When Carli Maybuck was around eight years old, her family packed their bags with clothes, toys and school supplies and headed out for a family vacation. Instead of going to Disneyland or a resort, the family travelled to an orphanage in Honduras, where they unloaded their luggage and gave gifts to the children.

Since then her family has continued travelling and filling spare suitcases with supplies to share.

Growing up in such an altruistic family showed the 2016 David Thompson Secondary School graduate “that even the small things can help make a difference in a community and the world.”

In May, Ms. Maybuck, who is going into her third year of nursing at the University of Lethbridge, flew to Malawi with more gifts – including health advice and blood-pressure monitoring – to share as part of a field study program.

She and her classmates spent a month visiting 14 communities across the landlocked country in southeastern Africa.

There they taught Grade 7 students about HIV and malaria and led the students in creating skits about the diseases. Then the students performed their educational plays – about prevention, symptoms, treatments and more – for thousands of people in their communities.

“They just loved (performing the skits). It was still a very serious topic but we brought a lot of humour to it,” Ms. Maybuck said.

“(HIV) is a huge issue in Malawi and a lot of the people don’t realize they can get treatment or they are too afraid to get tested because of the stigma around it. So we went there to really show that it is OK to get tested and you won’t just die because you have HIV. There is medication that won’t cure it but will make it non-transmittable,” she said.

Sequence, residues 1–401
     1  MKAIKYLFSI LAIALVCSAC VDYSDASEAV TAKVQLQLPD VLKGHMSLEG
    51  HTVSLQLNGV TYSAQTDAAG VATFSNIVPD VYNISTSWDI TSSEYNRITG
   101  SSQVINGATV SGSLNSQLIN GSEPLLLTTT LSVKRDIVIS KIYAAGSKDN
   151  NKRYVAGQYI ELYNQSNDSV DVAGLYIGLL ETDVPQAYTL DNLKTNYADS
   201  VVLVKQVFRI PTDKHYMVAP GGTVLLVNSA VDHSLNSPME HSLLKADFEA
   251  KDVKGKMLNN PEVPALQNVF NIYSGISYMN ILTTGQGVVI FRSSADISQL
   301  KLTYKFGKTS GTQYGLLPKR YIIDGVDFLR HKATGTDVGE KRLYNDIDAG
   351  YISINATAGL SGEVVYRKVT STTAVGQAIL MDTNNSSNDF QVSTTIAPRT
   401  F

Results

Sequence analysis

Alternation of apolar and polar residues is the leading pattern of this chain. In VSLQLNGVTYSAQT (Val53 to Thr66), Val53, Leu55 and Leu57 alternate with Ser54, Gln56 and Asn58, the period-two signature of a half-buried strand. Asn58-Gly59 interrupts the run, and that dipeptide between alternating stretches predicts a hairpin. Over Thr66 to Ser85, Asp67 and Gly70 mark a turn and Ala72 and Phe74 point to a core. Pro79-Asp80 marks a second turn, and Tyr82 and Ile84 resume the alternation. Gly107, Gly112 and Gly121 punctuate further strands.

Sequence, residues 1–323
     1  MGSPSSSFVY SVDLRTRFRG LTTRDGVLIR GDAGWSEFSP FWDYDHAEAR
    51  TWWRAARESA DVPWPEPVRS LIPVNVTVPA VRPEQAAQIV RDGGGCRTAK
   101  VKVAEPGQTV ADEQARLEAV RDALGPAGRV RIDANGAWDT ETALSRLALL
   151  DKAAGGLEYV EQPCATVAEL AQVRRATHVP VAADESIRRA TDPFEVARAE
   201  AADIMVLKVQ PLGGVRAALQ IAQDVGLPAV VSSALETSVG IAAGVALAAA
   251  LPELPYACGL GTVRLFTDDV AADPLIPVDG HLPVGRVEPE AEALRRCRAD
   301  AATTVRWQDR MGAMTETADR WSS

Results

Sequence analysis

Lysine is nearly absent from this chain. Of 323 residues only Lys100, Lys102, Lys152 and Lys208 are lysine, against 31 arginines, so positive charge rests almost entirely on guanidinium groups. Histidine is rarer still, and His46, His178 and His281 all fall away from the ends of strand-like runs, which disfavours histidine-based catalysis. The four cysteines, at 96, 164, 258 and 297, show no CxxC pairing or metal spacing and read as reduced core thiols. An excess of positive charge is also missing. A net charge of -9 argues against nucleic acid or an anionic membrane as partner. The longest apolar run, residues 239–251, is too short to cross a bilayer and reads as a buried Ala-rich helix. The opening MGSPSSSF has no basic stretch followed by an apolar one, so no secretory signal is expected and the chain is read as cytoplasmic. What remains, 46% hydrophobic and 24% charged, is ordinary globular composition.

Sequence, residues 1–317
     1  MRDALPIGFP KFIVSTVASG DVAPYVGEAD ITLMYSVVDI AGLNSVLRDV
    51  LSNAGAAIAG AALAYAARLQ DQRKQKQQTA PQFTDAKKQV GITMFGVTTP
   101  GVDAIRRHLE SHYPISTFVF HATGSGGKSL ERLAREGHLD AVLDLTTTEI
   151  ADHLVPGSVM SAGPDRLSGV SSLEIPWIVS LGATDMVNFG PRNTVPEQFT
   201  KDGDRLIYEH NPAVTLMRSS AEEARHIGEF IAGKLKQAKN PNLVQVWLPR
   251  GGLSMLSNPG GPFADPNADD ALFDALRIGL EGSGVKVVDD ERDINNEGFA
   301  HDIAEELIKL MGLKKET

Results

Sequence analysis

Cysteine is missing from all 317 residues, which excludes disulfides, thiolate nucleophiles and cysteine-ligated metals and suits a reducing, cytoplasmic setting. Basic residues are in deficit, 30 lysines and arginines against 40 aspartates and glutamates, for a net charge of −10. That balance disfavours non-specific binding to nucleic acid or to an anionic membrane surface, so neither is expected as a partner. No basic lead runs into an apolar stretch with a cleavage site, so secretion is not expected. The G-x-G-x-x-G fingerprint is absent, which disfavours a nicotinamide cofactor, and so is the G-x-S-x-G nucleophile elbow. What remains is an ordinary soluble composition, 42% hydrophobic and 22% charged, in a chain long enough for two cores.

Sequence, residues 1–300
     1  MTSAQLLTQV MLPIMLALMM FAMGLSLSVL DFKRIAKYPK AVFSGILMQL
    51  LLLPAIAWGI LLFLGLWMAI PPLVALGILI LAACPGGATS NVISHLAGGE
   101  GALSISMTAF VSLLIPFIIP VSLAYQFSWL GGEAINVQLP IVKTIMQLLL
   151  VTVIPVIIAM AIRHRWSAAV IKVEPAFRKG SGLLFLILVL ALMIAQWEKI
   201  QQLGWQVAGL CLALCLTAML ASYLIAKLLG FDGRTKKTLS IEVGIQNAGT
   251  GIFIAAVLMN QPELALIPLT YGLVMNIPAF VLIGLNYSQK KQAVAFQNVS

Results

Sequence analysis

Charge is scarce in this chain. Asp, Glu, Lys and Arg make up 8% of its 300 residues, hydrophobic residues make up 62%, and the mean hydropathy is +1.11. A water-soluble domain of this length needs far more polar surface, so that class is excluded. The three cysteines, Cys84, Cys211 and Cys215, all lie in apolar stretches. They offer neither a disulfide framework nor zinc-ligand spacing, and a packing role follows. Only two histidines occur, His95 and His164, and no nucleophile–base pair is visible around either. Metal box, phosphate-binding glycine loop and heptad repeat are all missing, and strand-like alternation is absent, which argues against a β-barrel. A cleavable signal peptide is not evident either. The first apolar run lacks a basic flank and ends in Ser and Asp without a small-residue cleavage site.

Ms. Maybuck’s class brought malaria nets to share with the students and those at most risk. They brought reusable menstrual products so the girls wouldn’t have to miss school each month. For a little fun, they also brought soccer balls and jerseys for the locals.

(Ms. Maybuck’s friends and family in Invermere donated money for malaria nets while Columbia Valley Youth Soccer donated 80 jerseys.)

“I’ve always wanted to go to Africa and volunteer in some way,” she said, adding that she was eager to share her newly-learned nursing skills with the locals. “Every single moment was a highlight for me.”

Little more than a week after her return, Ms. Maybuck was already considering heading back to Malawi to do her practicum overseas.

In the longer term she envisions potentially “volunteering around the world with my nursing career.”

“It’s really heartbreaking living in a place like (Canada) when there’s so much poverty in the world,” she said. “I really want to help people.”